Lego science and microwave temporal manipulation

I was playing Star Wars: Knights of the Old Republic II last night, but before you tune out entirely I assure you this has nothing to do with that midi-chlorians crap nor will I regress entirely into indecipherable geek.

Anyway, it’s a fairly straightforward RPG, full of the regular benefits (escapism) and detriments (mindlessly annoying puzzles, linear plot, time devouring game play). What I’d like to focus on is something that can be found in a host of futuristic games, movies, and books: modular technology with apparently infinite adaptability.

Throughout the game robots, pardon me, “droids,” engines and computers are constantly being damaged or destroyed. It would seem a strong grasp of quantum engineering has not led society to develop anything more durable then a Faberge egg. These items are almost always part of some annoying little riddle which can easily be solved by opening up various hatches and finding the egregiously named “spare part.”

The future is rife with spare parts. I picture a vastly advanced civilization which uses nanobots the way I use a fork and black holes the way I use a toaster. Also, instead of rats boarding every damn thing we build, sentient spare parts will lodge themselves in everything from the refuse bin to the heat duct.

In any case, any item in the game that is broken can easily be fixed by adding a number of spare parts to it, a number conveniently known before hand. Doesn’t matter the size, type or application, three of whatever the hell will fix a hyper drive. I like to mix it up, fixing one droid with a part I found in the storage locker and another with a part I found in an ion cannon. One step above tinker toys and one step below erector sets.

Now I’ll admit I know some clever fellows in mechanics and computers. I also remember a couple of years ago when the dream was a totally modular computer, basically a power supply with slots in it wherein a motherboard, hard drive etc. could be swapped out and in with ease. I refuse to believe, however, that no matter how advanced we become we will be able to adequately fix a fried cpu with a heating coil, a piston ring and one of those screws with triangular slots found on happy meals toys.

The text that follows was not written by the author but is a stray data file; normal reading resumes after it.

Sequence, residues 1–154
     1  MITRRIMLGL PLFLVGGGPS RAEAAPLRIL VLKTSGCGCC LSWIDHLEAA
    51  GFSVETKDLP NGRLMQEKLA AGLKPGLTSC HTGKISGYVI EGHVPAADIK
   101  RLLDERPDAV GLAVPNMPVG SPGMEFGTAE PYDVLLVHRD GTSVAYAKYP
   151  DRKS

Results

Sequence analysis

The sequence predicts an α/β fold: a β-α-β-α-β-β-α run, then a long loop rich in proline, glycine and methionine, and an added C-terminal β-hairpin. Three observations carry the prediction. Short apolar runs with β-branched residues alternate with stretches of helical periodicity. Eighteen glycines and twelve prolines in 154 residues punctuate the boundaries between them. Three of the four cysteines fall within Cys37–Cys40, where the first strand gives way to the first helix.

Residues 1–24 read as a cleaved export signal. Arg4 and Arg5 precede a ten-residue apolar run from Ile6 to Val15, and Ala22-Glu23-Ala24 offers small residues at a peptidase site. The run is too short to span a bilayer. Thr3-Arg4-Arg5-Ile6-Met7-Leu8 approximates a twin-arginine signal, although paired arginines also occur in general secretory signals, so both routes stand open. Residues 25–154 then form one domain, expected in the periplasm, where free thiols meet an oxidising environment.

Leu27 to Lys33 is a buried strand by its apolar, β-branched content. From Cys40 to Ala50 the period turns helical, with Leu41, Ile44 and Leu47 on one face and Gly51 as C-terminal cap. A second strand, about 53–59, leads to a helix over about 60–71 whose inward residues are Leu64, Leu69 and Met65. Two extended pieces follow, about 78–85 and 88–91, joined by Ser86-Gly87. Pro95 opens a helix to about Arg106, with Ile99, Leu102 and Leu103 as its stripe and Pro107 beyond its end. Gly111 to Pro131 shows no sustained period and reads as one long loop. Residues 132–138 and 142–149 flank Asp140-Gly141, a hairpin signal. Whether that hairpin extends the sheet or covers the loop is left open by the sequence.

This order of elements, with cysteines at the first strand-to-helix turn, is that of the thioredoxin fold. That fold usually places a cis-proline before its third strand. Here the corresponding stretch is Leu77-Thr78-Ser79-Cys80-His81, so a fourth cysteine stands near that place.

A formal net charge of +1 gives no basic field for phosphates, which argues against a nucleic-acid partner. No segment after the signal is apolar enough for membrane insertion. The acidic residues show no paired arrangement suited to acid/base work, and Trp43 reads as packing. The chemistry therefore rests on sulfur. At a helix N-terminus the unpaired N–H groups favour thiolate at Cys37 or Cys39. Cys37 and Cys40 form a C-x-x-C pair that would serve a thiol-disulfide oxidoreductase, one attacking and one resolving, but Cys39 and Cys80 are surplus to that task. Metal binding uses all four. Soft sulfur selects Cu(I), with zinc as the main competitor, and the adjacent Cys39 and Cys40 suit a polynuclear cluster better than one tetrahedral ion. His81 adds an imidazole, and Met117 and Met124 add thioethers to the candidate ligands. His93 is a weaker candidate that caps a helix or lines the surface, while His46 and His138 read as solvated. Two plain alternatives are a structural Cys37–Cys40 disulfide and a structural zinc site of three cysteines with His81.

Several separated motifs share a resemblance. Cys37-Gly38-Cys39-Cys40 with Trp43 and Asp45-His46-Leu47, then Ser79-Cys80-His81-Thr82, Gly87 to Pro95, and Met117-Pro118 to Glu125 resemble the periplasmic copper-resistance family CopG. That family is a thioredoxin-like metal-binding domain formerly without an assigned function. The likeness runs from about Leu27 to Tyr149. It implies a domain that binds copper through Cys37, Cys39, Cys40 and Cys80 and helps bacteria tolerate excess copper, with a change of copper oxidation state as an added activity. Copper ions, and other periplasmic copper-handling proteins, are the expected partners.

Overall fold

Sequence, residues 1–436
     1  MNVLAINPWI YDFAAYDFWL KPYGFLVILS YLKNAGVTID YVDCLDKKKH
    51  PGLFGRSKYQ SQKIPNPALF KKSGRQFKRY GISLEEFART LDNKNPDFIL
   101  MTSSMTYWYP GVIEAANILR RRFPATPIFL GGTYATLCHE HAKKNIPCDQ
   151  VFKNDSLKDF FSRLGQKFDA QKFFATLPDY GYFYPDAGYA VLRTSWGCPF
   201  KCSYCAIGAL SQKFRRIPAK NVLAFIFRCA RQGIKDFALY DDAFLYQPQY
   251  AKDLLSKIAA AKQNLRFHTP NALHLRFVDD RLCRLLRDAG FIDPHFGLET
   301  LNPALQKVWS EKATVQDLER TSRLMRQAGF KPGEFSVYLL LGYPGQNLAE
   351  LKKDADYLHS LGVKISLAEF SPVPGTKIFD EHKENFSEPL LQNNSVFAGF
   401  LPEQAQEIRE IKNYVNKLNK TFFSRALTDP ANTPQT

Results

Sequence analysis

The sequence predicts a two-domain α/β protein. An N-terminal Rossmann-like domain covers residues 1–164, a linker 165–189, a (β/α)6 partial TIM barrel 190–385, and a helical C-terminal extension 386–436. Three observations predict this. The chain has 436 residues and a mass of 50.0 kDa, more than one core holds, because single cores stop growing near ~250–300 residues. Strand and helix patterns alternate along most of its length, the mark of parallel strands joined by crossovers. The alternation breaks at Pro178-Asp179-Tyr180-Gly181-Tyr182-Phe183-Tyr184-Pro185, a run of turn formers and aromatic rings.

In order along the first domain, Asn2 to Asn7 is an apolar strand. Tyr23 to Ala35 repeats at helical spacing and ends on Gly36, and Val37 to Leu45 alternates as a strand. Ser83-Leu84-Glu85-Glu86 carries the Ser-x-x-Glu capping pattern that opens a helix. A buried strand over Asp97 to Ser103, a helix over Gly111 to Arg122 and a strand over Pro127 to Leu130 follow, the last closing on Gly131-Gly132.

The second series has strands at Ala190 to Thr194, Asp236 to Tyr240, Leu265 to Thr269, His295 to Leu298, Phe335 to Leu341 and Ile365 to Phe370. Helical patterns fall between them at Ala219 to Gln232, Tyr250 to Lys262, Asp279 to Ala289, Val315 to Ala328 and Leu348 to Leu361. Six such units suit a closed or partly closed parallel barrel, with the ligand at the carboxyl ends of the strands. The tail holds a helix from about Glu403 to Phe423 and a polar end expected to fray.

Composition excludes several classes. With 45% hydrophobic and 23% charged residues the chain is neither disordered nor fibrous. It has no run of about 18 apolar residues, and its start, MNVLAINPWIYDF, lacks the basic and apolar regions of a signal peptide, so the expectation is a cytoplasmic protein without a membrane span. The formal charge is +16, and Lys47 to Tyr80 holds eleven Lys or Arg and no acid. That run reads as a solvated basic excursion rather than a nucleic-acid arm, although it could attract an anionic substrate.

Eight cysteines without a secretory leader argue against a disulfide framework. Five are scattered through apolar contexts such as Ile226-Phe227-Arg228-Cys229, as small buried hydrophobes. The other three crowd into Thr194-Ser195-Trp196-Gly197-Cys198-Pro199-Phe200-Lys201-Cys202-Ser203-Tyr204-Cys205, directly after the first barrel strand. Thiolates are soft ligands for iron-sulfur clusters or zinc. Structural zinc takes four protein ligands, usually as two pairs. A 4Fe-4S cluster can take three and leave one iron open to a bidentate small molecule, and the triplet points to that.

Infinitely advanced technology, yeah. Then why the hell can’t the things fix themselves, like those self-healing gels? Why aren’t they nigh impenetrable? I understand a laser or light saber or whatever the hell is exceedingly damaging, but if it can be fixed with two ball bearings and some telephone cable it ain’t that broken.

The sci-fi fantasy community needs to band together and rid themselves of this nuisance once and for all, even if it means the next time I play KofOR III I have to spend four hours finding the right sized bolt to fit a desk lamp.

This completely fails to bring me to my next topic: cell phone precognition. I freaking love this. I know why it happens and still I love it.

Before my cell rings, the phone has to receive data from the tower and then send back “yeah, I got it.” When it sends back this signal the little micro/radio/fairy waves interfere with the sensitive electronics/components/gnomes of computer monitors and speakers. Result: about 5 seconds before it rings monitors and computer speakers fizzle. Bam, I’m psychic.

Of course they continue to fizzle while it rings, and while I talk and whenever I smile to big, but what the hell. I still feel like a super cyber ninja, from space.

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